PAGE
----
Background: Immunization is one of the most cost-effective methods for reducing the mortality and morbidity rate of children. Children being fully vaccinated helps prevent the occurrence of diseases that would have great societal costs otherwise. Incomplete vaccination poses public health risks and challenges. This study examines the issue of incomplete vaccination in Indonesia.
Objectives: To quantify the association between child level, parent level and community level determinants and child immunization coverage in Indonesia.
Methods: Data from the 2017 the Indonesian Demographic Health Survey including 4,753 live born children aged 12-24 months from 49,627 women aged 15–49 years. The survey implemented multi-stage random sampling. The data were examined using descriptive statistics and multilevel logistic regression analysis.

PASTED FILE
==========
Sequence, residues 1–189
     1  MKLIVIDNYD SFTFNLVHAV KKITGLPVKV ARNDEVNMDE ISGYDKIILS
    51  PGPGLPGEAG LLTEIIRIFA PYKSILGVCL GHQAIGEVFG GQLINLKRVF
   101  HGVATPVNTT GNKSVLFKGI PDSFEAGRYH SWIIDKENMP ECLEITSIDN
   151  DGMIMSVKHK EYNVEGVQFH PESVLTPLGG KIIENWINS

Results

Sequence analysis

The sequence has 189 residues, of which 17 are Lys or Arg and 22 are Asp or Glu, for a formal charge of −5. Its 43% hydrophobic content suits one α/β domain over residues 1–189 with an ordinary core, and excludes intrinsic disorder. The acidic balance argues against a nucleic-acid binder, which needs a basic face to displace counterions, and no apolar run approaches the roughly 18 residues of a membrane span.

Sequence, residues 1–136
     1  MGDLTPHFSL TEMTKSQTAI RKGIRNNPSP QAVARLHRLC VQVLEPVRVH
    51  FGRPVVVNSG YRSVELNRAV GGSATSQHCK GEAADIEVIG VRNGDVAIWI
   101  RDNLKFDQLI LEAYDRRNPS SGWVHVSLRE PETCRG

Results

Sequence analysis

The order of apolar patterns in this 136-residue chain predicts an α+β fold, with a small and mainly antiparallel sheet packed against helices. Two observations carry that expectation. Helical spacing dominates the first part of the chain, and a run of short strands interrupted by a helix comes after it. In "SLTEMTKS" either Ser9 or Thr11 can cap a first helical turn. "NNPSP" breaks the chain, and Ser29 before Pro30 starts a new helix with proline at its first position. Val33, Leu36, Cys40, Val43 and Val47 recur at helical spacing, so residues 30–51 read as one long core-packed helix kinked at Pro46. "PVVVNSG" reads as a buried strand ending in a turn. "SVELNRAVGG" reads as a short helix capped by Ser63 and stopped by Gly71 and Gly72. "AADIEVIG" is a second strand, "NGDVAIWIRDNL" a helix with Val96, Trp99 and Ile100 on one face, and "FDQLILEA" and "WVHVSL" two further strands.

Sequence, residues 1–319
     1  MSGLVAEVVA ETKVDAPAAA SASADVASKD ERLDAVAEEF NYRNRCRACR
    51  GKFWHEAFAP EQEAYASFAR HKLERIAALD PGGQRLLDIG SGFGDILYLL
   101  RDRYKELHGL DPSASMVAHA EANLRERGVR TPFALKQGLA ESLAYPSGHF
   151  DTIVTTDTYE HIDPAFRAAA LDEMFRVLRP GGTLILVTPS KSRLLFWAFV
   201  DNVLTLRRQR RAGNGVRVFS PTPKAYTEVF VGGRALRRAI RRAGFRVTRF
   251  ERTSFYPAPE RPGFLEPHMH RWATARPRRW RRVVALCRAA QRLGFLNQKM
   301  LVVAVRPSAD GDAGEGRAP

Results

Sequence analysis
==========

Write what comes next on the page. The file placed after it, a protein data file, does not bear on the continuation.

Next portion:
Results: The survey found that in Indonesia, country-wide, 58.22% of children were fully vaccinated. A multilevel logistic regression model after adjusting wealth and PHC percentage showed that children of first birth order had significantly lower likelihood of being fully immunized than children of second order and higher. The parent level factors such as age of mother at delivery, the mother's education, father's occupation, antenatal care and region significantly influences the completeness of child immunization. At the community level, the presence of public healthcare centre significantly improved immunization coverage.
Conclusion: Our findings indicate that there is a wide range of inequality in immunization throughout the region due to socioeconomic and demographic factors. Findings revealed that complete immunization status was significantly associated with the birth order, age of mother at delivery, mother's education, father's occupation, ANC, region and percentage of healthcare center. This study emphasizes the need to increase health centers in each community with the objective to narrow disparities in maternal and child health services.